How Winding Analysis Keeps Motors Running within a Predictive Maintenance Program
This post is the third in a monthly series of “How It Works” articles that detail the inner workings of motor maintenance services and processes.
The failure of a large motor can be deeply disruptive to the rest of a facility’s operations. Our monthly series in understanding how your motor works — and the preventative and predictive maintenance services and processes that can make it work better — is why we’re here.
In our third post of this series, we’ll be investigating winding analysis. Along with dynamic balancing, laser alignment, infrared thermography, oil analysis and vibration analysis, winding analysis is a basic maintenance operation that can enhance motor life and decrease energy consumption.
Evaluating Motor Lifespan
Preventative maintenance on an electric motor relies on two types of analysis:
- First, evaluating the remaining lifespan of the equipment’s insulation and operating system.
- Second, evaluating the operating conditions that will add strain or workload. These can include environment, load, cycling variation, and other external factors that impact performance.
By assessing when and how a motor can be affected, it’s easier to detect and resolve potential motor issues before they actively occur, allowing maintenance to be carried out effectively — and preemptively — during scheduled shutdowns. This avoids costly failures, unscheduled maintenance, and premature issues in equipment.
Motor Winding Analysis Tests and Tools
A form of non-destructive testing, motor winding analysis can be applied not only to motors, but to transformer and generator windings as well. Along with Motor Current Analysis, this testing is used specifically to classify electric winding insulation, but the information it provides is significantly more sophisticated.
Example of a Failed Winding Analysis Report:
Example of a Successful Winding Analysis Report
Many problems that indicate premature failure of motor components can be revealed through the information collected through Motor Winding Analysis. Helping to detect and eliminate winding issues and their subsequent related problems, as well as monitoring the dielectric strength of winding insulation, is critical in preventing overall failure and determining the urgency of repair needs.
Two types of testing constitute a full motor winding analysis. They are:
- Off-line Testing: Including phase to phase resistance test, Surge Test, Hipot Test, and 1-Minute Megger Test
- On-line Testing: Evaluating and measuring the amps and voltage per phase when a motor is running, as well as Rotor Bar tests
These tests can be conducted with the help of an Advanced Winding Analyzer (AWA-IV) and a Baker D65R, depending upon motor type.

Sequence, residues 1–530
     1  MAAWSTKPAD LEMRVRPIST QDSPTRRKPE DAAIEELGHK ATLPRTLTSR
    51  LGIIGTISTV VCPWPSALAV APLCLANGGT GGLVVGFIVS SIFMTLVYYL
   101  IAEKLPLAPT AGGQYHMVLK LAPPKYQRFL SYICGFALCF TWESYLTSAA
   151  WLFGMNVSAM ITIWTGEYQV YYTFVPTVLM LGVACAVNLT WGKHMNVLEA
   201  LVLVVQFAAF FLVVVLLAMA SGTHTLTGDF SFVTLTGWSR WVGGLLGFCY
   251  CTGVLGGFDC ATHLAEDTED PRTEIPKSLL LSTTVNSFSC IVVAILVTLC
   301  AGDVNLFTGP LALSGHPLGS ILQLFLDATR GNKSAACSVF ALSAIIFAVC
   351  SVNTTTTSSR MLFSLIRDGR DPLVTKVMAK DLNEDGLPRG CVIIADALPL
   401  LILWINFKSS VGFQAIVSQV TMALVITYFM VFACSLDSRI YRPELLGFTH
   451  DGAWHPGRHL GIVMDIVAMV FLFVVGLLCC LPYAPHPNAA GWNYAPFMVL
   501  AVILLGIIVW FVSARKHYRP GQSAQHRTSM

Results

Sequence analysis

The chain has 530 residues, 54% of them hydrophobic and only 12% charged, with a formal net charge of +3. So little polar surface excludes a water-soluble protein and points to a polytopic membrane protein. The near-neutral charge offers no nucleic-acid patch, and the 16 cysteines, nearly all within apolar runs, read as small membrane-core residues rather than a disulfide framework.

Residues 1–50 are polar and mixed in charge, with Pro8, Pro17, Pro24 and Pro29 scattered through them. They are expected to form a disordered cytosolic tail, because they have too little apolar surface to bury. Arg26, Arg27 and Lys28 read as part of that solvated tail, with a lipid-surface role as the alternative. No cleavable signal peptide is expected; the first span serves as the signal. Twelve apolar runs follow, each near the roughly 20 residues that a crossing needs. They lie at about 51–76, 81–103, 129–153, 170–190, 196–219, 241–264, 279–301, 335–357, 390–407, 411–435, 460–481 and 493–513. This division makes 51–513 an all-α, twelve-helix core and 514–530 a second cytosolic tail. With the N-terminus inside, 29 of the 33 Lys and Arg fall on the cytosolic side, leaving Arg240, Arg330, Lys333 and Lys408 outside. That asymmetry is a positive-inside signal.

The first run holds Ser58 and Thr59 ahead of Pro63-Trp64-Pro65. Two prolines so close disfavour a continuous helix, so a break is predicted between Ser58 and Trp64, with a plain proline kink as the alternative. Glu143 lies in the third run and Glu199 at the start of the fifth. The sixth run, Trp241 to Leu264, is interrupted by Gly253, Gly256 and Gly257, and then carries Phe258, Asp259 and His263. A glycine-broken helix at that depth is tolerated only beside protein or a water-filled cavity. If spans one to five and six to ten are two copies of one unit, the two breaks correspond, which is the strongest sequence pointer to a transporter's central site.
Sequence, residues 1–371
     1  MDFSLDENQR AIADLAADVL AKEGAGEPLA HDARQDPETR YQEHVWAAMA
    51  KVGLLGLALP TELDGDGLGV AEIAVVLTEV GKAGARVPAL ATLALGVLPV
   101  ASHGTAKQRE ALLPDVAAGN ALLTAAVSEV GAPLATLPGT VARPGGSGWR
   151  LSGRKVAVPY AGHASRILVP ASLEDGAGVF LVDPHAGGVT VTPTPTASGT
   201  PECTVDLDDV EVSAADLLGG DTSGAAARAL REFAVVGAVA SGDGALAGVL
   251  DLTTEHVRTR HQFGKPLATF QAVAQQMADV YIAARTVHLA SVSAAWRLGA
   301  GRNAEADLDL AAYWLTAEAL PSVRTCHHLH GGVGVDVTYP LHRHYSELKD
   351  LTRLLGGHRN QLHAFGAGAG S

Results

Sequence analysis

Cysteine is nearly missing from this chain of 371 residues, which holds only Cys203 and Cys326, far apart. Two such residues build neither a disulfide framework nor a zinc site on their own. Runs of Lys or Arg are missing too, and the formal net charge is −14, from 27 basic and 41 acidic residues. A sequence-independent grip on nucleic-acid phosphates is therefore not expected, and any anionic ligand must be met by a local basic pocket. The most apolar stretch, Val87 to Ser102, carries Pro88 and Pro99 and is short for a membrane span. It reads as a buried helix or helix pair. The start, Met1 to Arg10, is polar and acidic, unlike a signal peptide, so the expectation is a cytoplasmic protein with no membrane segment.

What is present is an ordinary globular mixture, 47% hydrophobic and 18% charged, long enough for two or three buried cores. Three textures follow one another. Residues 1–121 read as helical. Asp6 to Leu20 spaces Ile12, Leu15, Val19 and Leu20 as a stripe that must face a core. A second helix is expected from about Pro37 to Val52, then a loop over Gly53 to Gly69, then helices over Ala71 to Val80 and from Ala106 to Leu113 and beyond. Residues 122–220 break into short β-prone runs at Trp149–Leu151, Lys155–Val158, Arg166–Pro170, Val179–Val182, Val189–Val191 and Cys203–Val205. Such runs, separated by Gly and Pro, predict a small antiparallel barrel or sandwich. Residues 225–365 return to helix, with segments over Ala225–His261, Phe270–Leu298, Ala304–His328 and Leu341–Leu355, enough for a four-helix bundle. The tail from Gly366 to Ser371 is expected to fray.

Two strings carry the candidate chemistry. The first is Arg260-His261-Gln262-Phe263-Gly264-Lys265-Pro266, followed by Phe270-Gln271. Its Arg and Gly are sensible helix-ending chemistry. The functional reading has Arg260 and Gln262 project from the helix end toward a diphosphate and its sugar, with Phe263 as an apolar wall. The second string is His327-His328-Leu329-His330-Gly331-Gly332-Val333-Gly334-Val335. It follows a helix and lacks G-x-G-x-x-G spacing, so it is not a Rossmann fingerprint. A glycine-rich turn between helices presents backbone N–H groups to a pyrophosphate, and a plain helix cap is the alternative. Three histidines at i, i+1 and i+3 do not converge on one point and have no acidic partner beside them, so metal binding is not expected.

Winding analysis can also be utilized as a powerful troubleshooting tool. Many facilities utilize a hand held megger to test the insulation strength. This is an effective method for detecting ground faults. However, internal shorts within the windings may not appear as a ground fault. As a result these faults may be missed during troubleshooting costing valuable down time. A winding analysis test will detect even slight resistance unbalance between phases and the surge test will quickly detect internal shorts within the windings.
GLOSSARY OF TERMS
Surge Test: Used to test a variety of inter-winding faults that DC tests will not normally detect.
Surge Comparison Test: A comparison of two individual Surge Test wave patterns from separate windings to see if they differ. Two methods of comparing wave patterns are Error Ratio (E.A.R.), or Zero Crossing Tolerance. When the wave patterns are the same, there is no short in either winding. When the wave patterns differ, one of the windings contains a short.
Surge Waveform (Surge Data): The resulting data from a surge test. It can be viewed graphically on the View Waveforms screen.
Megohm Test: A low-voltage test used to measure the insulation resistance of a winding in megaohms. In Automatic Test Mode, for motors rated less than 600 volts, the test voltage will be 500 volts.
For motors rated more than 600 volts, the test voltage will be one-third that of the default test voltage table.
Polarization Index: A ratio between measured insulation resistance values taken at one minute and ten minutes. It is obtained from data that is collected every two seconds. Note: The PI test is useful for testing complex insulation systems, such as large motors and generators, where repeatable measurements are difficult to obtain.
“Hipot” Trip Fault Detection: Built-in circuitry that will stop any test when it detects Hipot current levels that are higher than a predetermined safety limit. After a Hipot Trip, a message will appear on the screen and “Trip” will be entered into the motor data form. The test will be considered “failed.” It will set to 600u amps when the Analyzer Hipot test is set to 100ua/div and 60 u amps when using the 10 or 1 u amps setting.
“Hipot” is short for high potential (high voltage). A hipot test checks for “good isolation.” Hipot tests are conducted to ensure no current will flow from one point to another point. In some ways a hipot test is the opposite of a continuity test.
Continuity Test: Ensures current flows easily from one point to another point.
Hipot Test: Ensure current will not flow from one point to another point.
The team at Renown Electric provides these services both in the shop and on the road, along with a host of additional maintenance services to keep your systems running smoothly. To view a sample of a real winding analysis report, access the report from our resource library.